Substantially more people in the U.S. with opioid use disorder are receiving evidence-based treatment for the disease, but there are still considerable gaps in care along racial lines, according to the largest analysis to date of opioid use disorder among Medicaid recipients.
The results, published in JAMA, provide insights that policymakers and medical providers can act on to improve access to quality care for opioid use disorder, one of the leading causes of death in the U.S. The analysis was possible because of a unique network that partnered academic institutes with state Medicaid programs to overcome barriers to data sharing between states.
Julie Donohue said, “Medicaid plays an incredibly important role in our health system, and the population it serves overlaps with those most likely to have opioid use disorder. But Medicaid is 50-plus separate programs that can’t easily share data,” said co-author Julie Donohue, PhD, chair and professor of the University of Pittsburgh Graduate School of Public Health Department of Health Policy and Management. “For the first time, we’ve pooled a large part of that data, enabling us to draw powerful conclusions that could better enable our country to address the opioid epidemic, which has only grown more intense during the COVID-19 pandemic.”
The Medicaid Outcomes Distributed Research Network (MODRN), which Donohue leads, obtained de-identified, standardized data from 11 states, including Pennsylvania and five other states that rank among the highest for opioid overdose deaths, accounting for 16.3 million people aged 12 through 64, or 22% of Medicaid’s enrollees.
The prevalence of opioid use disorder increased from 3.3% of enrollees in 2014 to 5% in 2018. Notably, the share of enrollees with opioid use disorder enrolled in Medicaid due to the ACA expansion grew from 27.3% to 50.7% in the same time period.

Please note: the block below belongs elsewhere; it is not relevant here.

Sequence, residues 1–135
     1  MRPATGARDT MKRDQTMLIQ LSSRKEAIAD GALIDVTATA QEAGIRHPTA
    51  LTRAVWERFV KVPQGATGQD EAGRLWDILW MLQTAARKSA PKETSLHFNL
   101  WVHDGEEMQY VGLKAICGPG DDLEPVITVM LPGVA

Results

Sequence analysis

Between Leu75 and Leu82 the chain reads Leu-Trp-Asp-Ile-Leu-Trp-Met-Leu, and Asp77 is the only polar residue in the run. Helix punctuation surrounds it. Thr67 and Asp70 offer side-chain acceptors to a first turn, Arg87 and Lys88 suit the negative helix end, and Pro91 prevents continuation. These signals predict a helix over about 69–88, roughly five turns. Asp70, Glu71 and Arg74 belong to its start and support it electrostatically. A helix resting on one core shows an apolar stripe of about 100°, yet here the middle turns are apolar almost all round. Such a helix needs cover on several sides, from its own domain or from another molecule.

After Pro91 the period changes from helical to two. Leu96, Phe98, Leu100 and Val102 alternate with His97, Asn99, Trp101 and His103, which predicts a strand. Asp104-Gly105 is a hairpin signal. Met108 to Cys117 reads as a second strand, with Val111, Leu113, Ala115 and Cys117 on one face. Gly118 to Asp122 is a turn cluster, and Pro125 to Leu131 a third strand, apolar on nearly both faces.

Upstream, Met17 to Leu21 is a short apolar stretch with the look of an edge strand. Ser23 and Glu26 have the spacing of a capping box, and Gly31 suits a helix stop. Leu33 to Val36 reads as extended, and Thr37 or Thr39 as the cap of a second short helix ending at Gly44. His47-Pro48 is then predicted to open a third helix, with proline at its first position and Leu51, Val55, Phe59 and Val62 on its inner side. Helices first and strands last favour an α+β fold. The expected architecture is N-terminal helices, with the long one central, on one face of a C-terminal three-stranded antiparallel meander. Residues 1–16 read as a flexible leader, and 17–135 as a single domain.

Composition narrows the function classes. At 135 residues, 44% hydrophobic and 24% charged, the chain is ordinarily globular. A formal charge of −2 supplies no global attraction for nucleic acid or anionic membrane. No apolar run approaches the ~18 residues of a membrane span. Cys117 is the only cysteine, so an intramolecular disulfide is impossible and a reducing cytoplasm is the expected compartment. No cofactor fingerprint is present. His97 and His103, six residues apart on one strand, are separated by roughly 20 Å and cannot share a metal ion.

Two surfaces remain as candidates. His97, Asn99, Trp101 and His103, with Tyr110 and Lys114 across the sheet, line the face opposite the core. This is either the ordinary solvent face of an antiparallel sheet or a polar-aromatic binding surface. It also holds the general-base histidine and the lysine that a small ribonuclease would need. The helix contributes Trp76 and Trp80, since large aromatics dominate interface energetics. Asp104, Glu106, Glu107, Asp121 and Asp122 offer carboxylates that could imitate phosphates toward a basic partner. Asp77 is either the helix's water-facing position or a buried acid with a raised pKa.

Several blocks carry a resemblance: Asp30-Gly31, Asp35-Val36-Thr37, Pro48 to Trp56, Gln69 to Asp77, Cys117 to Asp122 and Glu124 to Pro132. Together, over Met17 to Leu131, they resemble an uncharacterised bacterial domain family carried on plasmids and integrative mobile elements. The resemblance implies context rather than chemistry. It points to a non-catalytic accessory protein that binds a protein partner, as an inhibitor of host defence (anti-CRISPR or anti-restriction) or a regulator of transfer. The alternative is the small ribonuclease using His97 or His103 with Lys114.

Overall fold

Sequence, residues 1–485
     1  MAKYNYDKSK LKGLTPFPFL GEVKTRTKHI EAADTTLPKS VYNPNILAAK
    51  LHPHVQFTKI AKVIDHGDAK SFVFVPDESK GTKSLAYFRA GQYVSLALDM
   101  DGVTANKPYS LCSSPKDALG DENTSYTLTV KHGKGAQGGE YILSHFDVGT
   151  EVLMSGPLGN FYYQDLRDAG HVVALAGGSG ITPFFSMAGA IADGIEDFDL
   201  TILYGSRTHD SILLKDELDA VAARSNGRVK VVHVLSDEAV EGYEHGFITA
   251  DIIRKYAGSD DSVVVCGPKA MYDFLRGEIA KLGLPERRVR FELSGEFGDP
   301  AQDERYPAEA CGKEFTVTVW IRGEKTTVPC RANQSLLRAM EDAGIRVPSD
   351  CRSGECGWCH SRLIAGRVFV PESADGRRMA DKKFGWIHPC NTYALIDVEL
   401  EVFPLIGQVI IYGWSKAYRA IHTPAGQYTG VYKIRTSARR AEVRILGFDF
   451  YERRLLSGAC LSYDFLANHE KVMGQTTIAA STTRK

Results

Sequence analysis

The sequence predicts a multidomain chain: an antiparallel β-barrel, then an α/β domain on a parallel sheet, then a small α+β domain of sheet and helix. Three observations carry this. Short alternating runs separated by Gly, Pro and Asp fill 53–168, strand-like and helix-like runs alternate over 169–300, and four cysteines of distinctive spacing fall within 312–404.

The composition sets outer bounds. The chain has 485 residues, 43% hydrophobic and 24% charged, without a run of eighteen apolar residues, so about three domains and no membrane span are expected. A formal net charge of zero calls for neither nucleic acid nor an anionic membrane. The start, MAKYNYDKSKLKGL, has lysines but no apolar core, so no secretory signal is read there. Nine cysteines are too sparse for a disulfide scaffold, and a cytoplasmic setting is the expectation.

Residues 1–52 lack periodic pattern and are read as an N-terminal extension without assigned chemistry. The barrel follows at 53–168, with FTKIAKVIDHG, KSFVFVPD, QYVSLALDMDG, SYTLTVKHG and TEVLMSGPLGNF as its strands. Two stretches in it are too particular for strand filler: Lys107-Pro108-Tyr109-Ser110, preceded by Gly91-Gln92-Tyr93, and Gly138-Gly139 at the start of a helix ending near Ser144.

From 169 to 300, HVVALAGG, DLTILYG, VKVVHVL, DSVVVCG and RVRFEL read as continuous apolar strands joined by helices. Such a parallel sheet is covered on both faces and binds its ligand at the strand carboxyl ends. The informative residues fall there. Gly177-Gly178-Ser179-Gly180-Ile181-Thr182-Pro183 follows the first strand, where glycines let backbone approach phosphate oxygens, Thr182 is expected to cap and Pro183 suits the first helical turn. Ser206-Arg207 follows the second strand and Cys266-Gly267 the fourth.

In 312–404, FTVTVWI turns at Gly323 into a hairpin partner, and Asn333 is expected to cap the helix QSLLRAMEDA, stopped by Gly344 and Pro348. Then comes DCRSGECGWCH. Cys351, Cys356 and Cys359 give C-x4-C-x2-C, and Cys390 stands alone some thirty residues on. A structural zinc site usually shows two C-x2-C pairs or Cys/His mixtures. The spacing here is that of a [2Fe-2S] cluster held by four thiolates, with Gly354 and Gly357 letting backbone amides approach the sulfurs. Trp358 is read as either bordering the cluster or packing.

There are several medications—buprenorphine, methadone and naltrexone—to treat opioid use disorder. These medications work best when taken continuously, so the MODRN team looked at several indicators of quality of care, including at least one period of 180 days of continuous medication, at least one order for a urine drug test and at least one claim for behavioral health counseling. They also looked into whether people with opioid use disorder were being prescribed other controlled substances associated with increased risk of overdose, such as benzodiazepines, which would indicate a clinician hadn’t adequately reviewed their medical history.
States that legalize recreational marijuana experience a short-term decline in opioid-related emergency department visits, particularly among 25- to 44-year-olds and men, according to an analysis led by the University of Pittsburgh Graduate School of Public Health.
Published in the journal Health Economics, the study shows that even after the temporary decline wears off, recreational cannabis laws are not associated with increases in opioid-related emergency department visits.
Drake and his colleagues analyzed data on emergency department visits involving opioids from 29 states between 2011 and 2017. The study included four states that legalized recreational marijuana during that time frame: California, Maine, Massachusetts and Nevada. The remaining 25 states acted as controls.